Media Release

Fédération Internationale de Football Association

FIFA Strasse 20, P.O Box 8044 Zurich, Switzerland, +41 (0) 43 222 7777

Tuesday 26 June 2018, 10:23

Latest decisions of the FIFA Disciplinary Committee in relation to third-party rules

At its recent meeting, the Disciplinary Committee decided that players are not to be considered a “third party” in the sense of definition 14 and art. 18ter of the Regulations on the Status and Transfer of Players (RSTP).

In four distinct cases, the clubs SV Werder Bremen (Germany), Panathinaikos FC (Greece), CSD Colo-Colo (Chile) and Club Universitario de Deportes (Peru) had entered into agreements with some of their  respective players that entitled them (i.e. the players) to receive a specific compensation – a lump sum or a percentage – in case of their future transfer to another club.

Such amounts promised to the players were seen as part of the remuneration due to the players under their employment relationships with their clubs. Consequently, the Disciplinary Committee found that the players could not be considered a third party with respect to their own future transfers and, therefore, the fact that they may receive a specific compensation – regardless of it being a lump sum or a percentage – in relation to their future transfer to a new club is not considered a violation of FIFA’s rules on third-party ownership of players’ economic rights.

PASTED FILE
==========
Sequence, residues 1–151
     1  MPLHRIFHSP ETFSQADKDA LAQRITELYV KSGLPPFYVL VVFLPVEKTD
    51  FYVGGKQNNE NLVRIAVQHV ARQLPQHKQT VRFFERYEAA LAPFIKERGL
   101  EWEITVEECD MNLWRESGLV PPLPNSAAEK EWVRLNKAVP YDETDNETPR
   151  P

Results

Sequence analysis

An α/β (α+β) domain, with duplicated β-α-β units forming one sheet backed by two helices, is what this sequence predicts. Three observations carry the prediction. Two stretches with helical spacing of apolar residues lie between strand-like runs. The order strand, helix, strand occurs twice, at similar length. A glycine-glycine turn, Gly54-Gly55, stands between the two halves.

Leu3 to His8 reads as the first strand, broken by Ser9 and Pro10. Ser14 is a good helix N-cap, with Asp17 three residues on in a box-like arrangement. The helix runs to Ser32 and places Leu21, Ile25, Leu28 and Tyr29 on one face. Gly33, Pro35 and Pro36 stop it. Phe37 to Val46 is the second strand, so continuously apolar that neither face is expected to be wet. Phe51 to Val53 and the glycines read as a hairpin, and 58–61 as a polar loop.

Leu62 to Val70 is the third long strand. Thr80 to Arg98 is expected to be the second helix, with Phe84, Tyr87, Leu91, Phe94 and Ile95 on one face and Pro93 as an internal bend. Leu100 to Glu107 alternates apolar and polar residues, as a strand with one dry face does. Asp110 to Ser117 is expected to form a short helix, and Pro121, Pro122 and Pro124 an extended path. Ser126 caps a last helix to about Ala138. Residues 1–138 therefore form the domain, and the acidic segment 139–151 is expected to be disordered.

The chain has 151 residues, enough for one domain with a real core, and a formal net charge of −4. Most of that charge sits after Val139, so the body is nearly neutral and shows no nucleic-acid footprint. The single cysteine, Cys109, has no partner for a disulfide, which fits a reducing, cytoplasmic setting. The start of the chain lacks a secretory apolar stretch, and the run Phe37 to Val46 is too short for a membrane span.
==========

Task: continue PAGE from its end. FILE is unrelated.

In addition to the above conclusions on the applicability of art. 18ter of the RSTP, the Disciplinary Committee analysed the possible violation of art. 18bis of the RSTP by the clubs CSD Colo-Colo and Universitario de Deportes.

In this respect, after a thorough analysis of the transfer agreement concluded between said clubs,  they were found to have breached the rules on third-party influence (art. 18bis of the RSTP, 2015 edition) and committed other violations of the RSTP. As a result, the following sanctions were imposed:

  • CSD Colo-Colo of Chile has been sanctioned with a fine of CHF 40,000 and a warning for entering into a contract that enabled a counter club (i.e. Universitario de Deportes) to influence the club’s independence as well as for failing to enter the correct instructions in ITMS.

  • Universitario de Deportes of Peru has been sanctioned with a fine of CHF 30,000 and a warning for entering into a contract that enabled it to influence a counter club’s independence (i.e. CSD Colo-Colo).